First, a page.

I hear this all the time: “I have a Will so I’m all set.” At first, I used to internally roll my eyes and say a prayer for them. Then I had an epiphany: Whenever I had a sinus infection, I just always assumed I knew what it was. I went to the doctor when it got bad so that I could get some antibiotics to feel better. One time the doctor did an X-ray to look at my sinus cavities, and guess what?! They weren’t infected. She gave me tips to treat my symptoms at home and I didn’t have to go on unnecessary medication to get better.
This situation is similar to how many people do not understand the process of what happens to their assets when they die. I have more patience and try to find new ways to explain the process so it’s easier to understand. Everyone has their own area of expertise.
So here is how it works: Your Will is the legal document that dictates where your PROBATE ASSETS go and who is in charge of making sure that happens. PROBATE ASSETS are assets in your SOLE name at death. This means an asset (bank account, real estate, investment, etc.) that just has ONE name on it – no beneficiary, no co-owner, no trust, no TOD (Transfer On Death). The Will gets filed at the probate court! (Insert head exploding emoji).
When I work with clients to establish trusts and Wills, we focus first and foremost on avoiding probate. Not all assets are treated alike, so we make a list of all assets and we make recommendations for each one depending on the plan that we are setting up for the client.
Another common assumption that I hear is “Mom has a life insurance policy, I’m the beneficiary.” In theory, this policy should avoid probate because there is a beneficiary on the policy. However, I have seen many times that the company loses the beneficiary designation form! Or people ASSUME there is a beneficiary, but the form was never filled out. Especially if the form was completed before they went electronic. Lots of documents are lost when companies go from paper to electronic record keeping.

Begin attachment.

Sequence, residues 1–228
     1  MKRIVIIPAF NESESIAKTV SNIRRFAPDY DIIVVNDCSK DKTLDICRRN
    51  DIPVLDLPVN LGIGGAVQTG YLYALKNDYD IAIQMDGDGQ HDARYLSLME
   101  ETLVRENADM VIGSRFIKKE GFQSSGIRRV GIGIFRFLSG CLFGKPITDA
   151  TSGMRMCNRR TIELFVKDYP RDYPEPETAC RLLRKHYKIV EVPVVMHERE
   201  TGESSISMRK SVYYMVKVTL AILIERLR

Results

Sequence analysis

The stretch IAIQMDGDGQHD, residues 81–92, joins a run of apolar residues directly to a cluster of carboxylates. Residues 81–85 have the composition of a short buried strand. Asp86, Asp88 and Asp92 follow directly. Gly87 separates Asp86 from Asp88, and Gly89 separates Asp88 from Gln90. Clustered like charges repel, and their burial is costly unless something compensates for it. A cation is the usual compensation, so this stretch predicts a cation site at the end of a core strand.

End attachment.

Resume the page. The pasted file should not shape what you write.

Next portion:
I ALWAYS recommend checking that you have a beneficiary form completed and confirmation, in writing, from the institution of who the named beneficiaries are. Let me tell you a little story about a client: Mom set up her estate plan with me. She then moved to another state to be closer to a daughter for long-term care. She applied for Medicaid benefits, which caused her family to provide ALL the assets for Medicaid to qualify. The family was aware of the state-issued life insurance policy, and they were unable to cash it in because there was no cash surrender value. Mom was able to qualify for Medicaid benefits! When mom died, they sent a notice to the life insurance company and they said there were no beneficiaries, so they had to go through probate to get access to the death benefit. It’s not a large amount, but the headache they inherited is! Lesson from this: Always get confirmation that a beneficiary is on file with the institution.
We know what happens when we assume – Ass out of U and Me ????. Don’t assume you know that your estate plan is all set, KNOW that it is! How do we do this? Take action:
Don’t have an estate planning attorney? Contact us today to make sure you know that your assets will be passed down according to your wishes! Ladimer Law can be reached at email@example.com or at 508.532.8689.
Copyright © 2023 Ladimer Law Office PC
209 West Central Street
Natick, MA 01760
Ladimer Law specializes in estate planning. We protect our clients, their heirs, and their assets by listening closely, knowing the law, and executing estate plans that fit and evolve.